A local researcher hopes her studies of a neuron-stimulating molecule in animals may lead to heartier, more-productive crops able to withstand harsh conditions.
East Tennessee State University’s Aruna Kilaru received a $9,800 grant from the college’s Research Development Committee to explore the role of N-acylethanolamines in plants, specifically tomatoes.
In animals, the lipid molecules are produced in response to pain or other stress stimulants, and Kilaru hopes to determine whether they serve a similar purpose in plants and if they can be manipulated or transferred to other plants to help them grow and thrive during droughts or extreme temperature fluctuations.
“We don’t need a huge garden, all we really need are seeds to look at them on a molecular level,” she said. “If we are able to identify that these do play a role in stress, we can move forward to manipulating genes, trying to make plants more tolerant when they’re expose to stress conditions.”
According to Kilaru, uncontrollable weather conditions lead to the loss of half the potential yield of most major crops worldwide.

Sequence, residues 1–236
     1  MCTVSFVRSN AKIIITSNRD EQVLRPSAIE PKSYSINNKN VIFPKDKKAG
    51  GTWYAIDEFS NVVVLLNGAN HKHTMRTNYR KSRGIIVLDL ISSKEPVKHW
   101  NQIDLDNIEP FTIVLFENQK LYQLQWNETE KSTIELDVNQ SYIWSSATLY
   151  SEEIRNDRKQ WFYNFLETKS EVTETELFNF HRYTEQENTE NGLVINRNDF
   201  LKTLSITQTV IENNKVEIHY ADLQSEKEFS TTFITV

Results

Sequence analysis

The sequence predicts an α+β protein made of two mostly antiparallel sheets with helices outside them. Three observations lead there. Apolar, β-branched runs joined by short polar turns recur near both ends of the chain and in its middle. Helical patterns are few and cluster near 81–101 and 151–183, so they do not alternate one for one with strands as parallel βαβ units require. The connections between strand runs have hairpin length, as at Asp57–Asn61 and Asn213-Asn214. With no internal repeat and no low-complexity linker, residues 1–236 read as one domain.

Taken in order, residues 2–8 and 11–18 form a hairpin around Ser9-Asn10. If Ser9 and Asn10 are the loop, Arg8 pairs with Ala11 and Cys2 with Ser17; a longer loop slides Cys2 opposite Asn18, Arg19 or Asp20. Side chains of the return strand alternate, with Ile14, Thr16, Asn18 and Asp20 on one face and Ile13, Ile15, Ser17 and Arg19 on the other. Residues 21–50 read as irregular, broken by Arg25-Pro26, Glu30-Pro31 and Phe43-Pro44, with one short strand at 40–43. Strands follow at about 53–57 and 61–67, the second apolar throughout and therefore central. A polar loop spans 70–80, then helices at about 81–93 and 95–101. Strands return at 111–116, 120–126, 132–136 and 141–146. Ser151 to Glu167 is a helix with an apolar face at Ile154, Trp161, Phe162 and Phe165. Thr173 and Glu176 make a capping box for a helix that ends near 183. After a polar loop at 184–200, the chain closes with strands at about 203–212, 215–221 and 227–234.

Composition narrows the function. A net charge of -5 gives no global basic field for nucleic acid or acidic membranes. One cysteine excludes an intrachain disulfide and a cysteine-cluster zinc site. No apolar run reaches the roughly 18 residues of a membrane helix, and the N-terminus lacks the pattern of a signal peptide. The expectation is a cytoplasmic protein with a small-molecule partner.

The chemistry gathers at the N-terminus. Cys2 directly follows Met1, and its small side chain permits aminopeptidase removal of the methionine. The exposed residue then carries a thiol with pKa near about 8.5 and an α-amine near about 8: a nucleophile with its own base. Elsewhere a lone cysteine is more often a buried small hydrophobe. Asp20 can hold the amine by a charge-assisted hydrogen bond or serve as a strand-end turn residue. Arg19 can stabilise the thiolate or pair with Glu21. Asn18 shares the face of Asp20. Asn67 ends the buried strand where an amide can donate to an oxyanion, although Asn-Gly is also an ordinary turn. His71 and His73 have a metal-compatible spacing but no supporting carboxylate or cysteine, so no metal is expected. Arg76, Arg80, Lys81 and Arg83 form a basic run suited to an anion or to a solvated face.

If researchers were able to isolate the genes that help certain plants cope with extreme salinity, lack of water or temperature swings, they could vastly improve the amount of food produced per crop and could increase the amount of arable land available.
While some may object to biologists tinkering with edible plants’ genes in lab settings, Kilaru said furthering scientific knowledge of the inner processes of plants is simply speeding up the process of natural selection, and is likely the only way to produce enough food to meet the needs of the world’s ever-expanding population.
“Everything you buy from the grocery store has been genetically modified,” she said. “The tomatoes we buy now have been modified to have a thicker skin, so they have a longer shelf life.
“We have been modifying plants for hundreds of years by selecting certain qualities over others and growing more crops from their seeds. It’s a natural process, but with technology, we can do it in two years instead of 10.”
With the initial grant from ETSU, Kilaru hopes to get the research program of the ground and show enough progress to catch the eye of other funding sources.
With diligence and the proper funding, she hopes to have her results on the lipid study in about 10 years.
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